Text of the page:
Irrespective of class, talent or hard work, racists will always find a way to subjugate Black people because that’s what racists do. No amount of #BlackExcellence will change that.

Photo by Kiana Bosman on Unsplash
  1. Black excellence should not be the basis upon which Black people deserve respect

The most infuriating thing about this tweet for me is the insinuation that being excellent should be the basis upon which Black people’s humanity should be seen and respected. It should not matter whether a Black person is talented or untalented, employed or unemployed, excellent or average. No Black person deserves to be subjected to racism. We know our elders have always taught us that we have to work twice as hard to be considered half as good, and I completely understand how white supremacy has dictated the need for that logic. However, true freedom means that Black people are able to live freely, however they please, without having to work to some abstract standard of “excellence” as defined by whiteness. Excellence is a subjective term, and if a Black person wants to strive for it – whatever it may mean in the context of their life – they should do so because it’s what they want to do, because it makes them happy, not because they need to do it to avoid being treated as subhuman by racists.

  1. Black people do not have anything to ‘prove’ to racists

This is, in some ways, related to the point I’ve just made, but I wanted to address it separately nonetheless. Implicit in this idea of ‘proving’ racists wrong is that as Black people we should aim to be the ‘good Black person.’ This idea was also part of the discourse around racism in football when it reared its ugly head again last year. England players were prepared to walk off the pitch in protest if they were subject to racism when they played Bulgaria. This caused some debate in football when it was announced and Howard Gayle, Liverpool’s first Black player, wrote an article in The Guardian arguing that if the players were to do that then “racism wins.” Even though I understand where he was coming from, taking into account the context of his life and the state of English football when he played, I found the article disappointing. I haven’t got the space to break down the entire piece here, so I’ll simply highlight the main point that I took issue with.

Gayle argued that walking off the pitch is “tantamount to submission,” and that his advice to players like Tammy Abraham is to “play well…score a goal. Score a hat-trick. Then go and stand in front of them again to say they cannot beat you, they cannot affect you.” If you have a lick of sense, you can see the similarities between Gayle’s argument and Shaun Bailey’s.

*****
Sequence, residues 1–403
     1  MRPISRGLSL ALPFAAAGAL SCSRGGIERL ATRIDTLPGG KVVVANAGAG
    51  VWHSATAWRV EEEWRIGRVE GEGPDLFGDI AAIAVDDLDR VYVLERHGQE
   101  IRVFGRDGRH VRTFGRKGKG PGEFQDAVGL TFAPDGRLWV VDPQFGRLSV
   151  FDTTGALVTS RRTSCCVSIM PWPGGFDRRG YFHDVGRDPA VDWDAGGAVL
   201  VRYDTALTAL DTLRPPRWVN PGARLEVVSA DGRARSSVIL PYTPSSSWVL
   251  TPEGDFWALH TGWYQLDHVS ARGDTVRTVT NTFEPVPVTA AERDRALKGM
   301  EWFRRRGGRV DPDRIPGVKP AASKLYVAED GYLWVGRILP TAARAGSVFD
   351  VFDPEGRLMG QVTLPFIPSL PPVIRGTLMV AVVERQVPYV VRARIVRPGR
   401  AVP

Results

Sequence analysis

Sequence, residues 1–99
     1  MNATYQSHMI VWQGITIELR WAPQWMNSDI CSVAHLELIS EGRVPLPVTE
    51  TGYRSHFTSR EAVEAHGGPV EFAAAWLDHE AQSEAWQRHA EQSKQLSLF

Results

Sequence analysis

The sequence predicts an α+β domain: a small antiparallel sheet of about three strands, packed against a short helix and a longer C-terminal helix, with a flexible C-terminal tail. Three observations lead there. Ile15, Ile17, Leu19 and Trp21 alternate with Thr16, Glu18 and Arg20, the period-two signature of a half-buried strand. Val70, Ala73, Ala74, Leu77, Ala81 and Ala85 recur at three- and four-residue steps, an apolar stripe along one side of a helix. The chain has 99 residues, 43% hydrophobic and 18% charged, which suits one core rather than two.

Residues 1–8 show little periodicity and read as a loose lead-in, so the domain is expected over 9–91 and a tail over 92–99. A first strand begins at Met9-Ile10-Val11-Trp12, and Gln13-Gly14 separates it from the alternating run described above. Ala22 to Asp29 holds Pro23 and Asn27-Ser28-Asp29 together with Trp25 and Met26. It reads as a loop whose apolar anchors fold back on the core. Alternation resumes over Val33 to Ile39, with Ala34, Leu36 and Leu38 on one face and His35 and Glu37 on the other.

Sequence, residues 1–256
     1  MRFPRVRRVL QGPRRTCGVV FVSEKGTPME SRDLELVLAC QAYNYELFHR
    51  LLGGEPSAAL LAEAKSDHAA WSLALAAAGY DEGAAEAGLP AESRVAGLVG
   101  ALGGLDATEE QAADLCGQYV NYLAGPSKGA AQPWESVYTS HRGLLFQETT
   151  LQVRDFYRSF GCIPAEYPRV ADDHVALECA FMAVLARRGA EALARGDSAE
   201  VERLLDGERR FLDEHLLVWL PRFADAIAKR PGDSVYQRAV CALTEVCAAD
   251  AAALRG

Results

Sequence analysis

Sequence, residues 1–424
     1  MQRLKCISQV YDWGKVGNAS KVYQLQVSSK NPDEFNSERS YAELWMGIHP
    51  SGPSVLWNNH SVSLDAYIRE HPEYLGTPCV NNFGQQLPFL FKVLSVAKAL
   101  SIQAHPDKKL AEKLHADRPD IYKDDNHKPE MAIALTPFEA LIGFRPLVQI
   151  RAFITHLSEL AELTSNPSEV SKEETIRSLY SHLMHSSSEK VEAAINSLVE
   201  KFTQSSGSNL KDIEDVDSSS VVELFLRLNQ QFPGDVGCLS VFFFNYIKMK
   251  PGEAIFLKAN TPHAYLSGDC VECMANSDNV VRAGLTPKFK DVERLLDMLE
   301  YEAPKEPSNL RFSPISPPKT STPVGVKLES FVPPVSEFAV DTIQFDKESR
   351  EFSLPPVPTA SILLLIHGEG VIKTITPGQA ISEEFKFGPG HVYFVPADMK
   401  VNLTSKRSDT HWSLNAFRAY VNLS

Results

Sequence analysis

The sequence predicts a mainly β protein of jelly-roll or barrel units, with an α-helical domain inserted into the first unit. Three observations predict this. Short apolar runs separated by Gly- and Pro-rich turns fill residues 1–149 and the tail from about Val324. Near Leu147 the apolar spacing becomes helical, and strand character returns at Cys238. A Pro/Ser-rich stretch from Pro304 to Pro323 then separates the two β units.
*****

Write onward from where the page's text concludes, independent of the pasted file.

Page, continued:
Be excellent. Prove the racists wrong.

But again, that clearly doesn’t work. If it did, Black players would not still be receiving so much racist abuse, not just from fans of other European teams, but their own. Furthermore, I take issue with encouraging young Black people to pretend that racism doesn’t affect us. Howard Gayle comes from a generation where Black people had to fight in every way to survive and to obtain basic rights. I understand why, when he played, walking off the pitch was not an option. As he says in the article, the manager would have probably just brought on a substitute, and I expect that player’s chances of starting the next game would have walked off the pitch with him. That kind of outward resilience was key, especially because there was no internal support for them.

But if there has been any progress at all in football, it’s that individual managers are a tad more aware and more willing to show understanding and support to their Black players. Also, as Gayle states in the article, players now have access to psychologists. These are all good things, and players should utilise them fully to enable them to evolve the ways they show resistance to racism, instead of pretending they are not affected by it.

Walking off the pitch is not tantamount to submission, it is tantamount to going on strike, and that is a legitimate and effective form of protest. I do not think it is fair for people like Gayle to insinuate that the players are mentally weak for taking that route instead of staying on to “prove” a point to racists who don’t care anyway. As I explained earlier, our excellence will not change them. Black people should not have to sacrifice their mental health to “prove themselves” to racists. Howard Gayle and the players of his generation had to, but they shouldn’t have, and we have to find a way to break the cycle. I know people love to see Black people being ‘strong’ and being ‘dignified’ in the face of racism because it is very palatable to see us acting like it doesn’t matter, because then they can act like it doesn’t matter too. But it does. It does matter.

Conclusion

Racism subjugates us. Racism dehumanises us. We should not be encouraging children to make it their aim to circumvent it via this flimsy, subjective construction of excellence. We should be the ones working to tear racism down so children like John don’t have to. Black people deserve to be whoever they want to be, however they want to be, for their own personal happiness and fulfilment.